Major Travel Scams To Avoid: Tips for Digital Nomads

If you’re a digital nomad, there’s a good chance you’ll be traveling most of the time. After all, it’s the benefit of being a digital nomad, right. 

While it can be an exciting part, it also comes with its share of dangers. Being a solo digital nomad who travels frequently increases the possibility of scams. Therefore, it’s important to understand those scams and some ways to avoid them.

So, in this article, we’ll comprehend some of the most common yet majors scams to watch out for and give some tips that might come in handy on your next travel.

1. Fake Taxi Drivers

One of the most common scams that happen to frequent travelers is getting cheated by a fake taxi driver. These scammers will often claim to be taxi drivers, but they may take you on a wild goose chase around town instead of taking you to your destination.

The main aim of the fraudsters is to mint as much money as possible in the form of fares. The bigger threat is that they can prove to be quite dangerous if they sense your vulnerability.

Ways to avoid fake taxi driver scam

  • Make sure you only take taxis that have proper licensing.
  • If you're not familiar with the area, ask your hotel or someone else in town for a recommendation on a reputable taxi driver.
  • Always use legit online taxi booking services to book your ride and ensure the fare beforehand.
  • Avoid commuting at night when it's more likely that there will be fake taxi drivers out on the streets.

2. Rental Scams

Being a remote worker can be challenging, as it has its own share of difficulties. Working in a different location can be quite an expensive affair. Therefore, it motivates the workers to save money by renting a budget-friendly room or apartment.

However, this can often lead to disaster as many of these lucrative rental deals can be a scam. The property may not even exist, or the owner may take advantage of your being new in the town.

Ways to avoid rental scams

  • Only rent from reputable online rental services or agencies.
  • Always check the property yourself before handing over any money and take pictures to document its condition.
  • Pay your rental using a credit or debit card, as it will provide you with proof of the transaction if needed in the future.

3. Bump and Grab Scam

This scam is particularly common in crowded areas. It involves someone bumping into you and then stealing your belongings before you have a chance to react. The thief will usually make a quick getaway on foot or by bike, making it difficult for you to catch them. 

Digital nomads need to be extra careful, as it can be easy to spot them among the usual crowd. Therefore, they can become an easy target of scammers.

Ways to avoid the Bump and Grab scam

  • Beware of everything in your vicinity, and be suspicious of anyone who bumps into you.
  • Keep your belongings close to you and in sight at all times.
  • If possible, avoid carrying any valuable items or documents while going out.
  • If you do get bumped, immediately report the incident to the police.

4. Online Scams

As a remote worker, you’re likely to do a lot of your work online. This makes you an easy target for scammers, as they can easily pose as legitimate businesses or individuals in phishing mail. They do so to extract your personal information or money.

Moreover, some remote workers unknowingly use public WiFi, which may turn out to be dangerous. Cybercriminals usually target public WiFi to hack the systems of users to steal data and sell it on the black market.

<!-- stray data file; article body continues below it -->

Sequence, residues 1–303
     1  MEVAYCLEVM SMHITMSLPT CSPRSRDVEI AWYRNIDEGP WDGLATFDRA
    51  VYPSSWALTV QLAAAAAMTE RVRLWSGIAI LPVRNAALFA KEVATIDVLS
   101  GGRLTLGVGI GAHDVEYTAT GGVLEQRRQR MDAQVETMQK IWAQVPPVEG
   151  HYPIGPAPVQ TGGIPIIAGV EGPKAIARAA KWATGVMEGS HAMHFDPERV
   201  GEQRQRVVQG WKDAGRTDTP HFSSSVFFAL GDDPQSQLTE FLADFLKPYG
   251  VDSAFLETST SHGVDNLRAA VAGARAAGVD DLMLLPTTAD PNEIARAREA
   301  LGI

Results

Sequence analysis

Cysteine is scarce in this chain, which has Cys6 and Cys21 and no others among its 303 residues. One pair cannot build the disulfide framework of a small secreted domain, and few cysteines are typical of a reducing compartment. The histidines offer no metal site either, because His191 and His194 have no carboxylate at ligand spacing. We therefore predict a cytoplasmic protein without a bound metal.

Ways to save yourself from online scams

  • Only use reputable online platforms and services.
  • Never share your personal information unless you are absolutely sure of the source.
  • Avoid clicking on any suspicious links or downloading any unknown files.
  • Use strong passwords and keep them confidential.
  • Avoid using public WiFi to save yourself from hackers. However, use a VPN in case there is no other option than public WiFi.

5. Currency Exchange Frauds

When you’re working remotely in a foreign country, it can be tempting to exchange your currency at a local currency exchange booth. However, many of these booths are actually scams and will give you counterfeit currency or incorrect change.

Ways to avoid getting scammed by a currency exchange booth

  • Always use a reputable currency exchange service.
  • Do online transactions wherever applicable.
  • Avoid indulging in exchanging money at the airport, as these exchanges are often more expensive and offer worse exchange rates.

6. Cheap Deals Scam

It’s common for digital nomads to think about their budget and figure out ways to save some money. This drive leads to cheap deals scams among digital nomads, where scammers offer them a too-good-to-be-true deal on a product or service. Once they agree to it, they take the money and disappear.

Ways to avoid getting scammed by cheap deals

  • Be suspicious of extremely affordable offers.
  • Double-check the legitimacy of the business or individual before agreeing to any purchase.
  • If possible, pay with a credit card so that you can dispute the charge if needed.
  • Never carry too much cash with you when roaming around the town for work-related meetings.
  • Keep in mind that nothing comes free, so prevent exploring such unbelievable deals.


The above-mentioned scams are some of the most common ones that digital nomads and remote workers face while working in a new place. These scams can often be easy to fall for, but you can avoid them with a few simple precautions. 

Always trusting authentic sources saves you from a great hassle and makes your remote location a safe place to work. Be aware of your surroundings, use reputable services, and be cautious with any financial transactions, and you’ll be safe!

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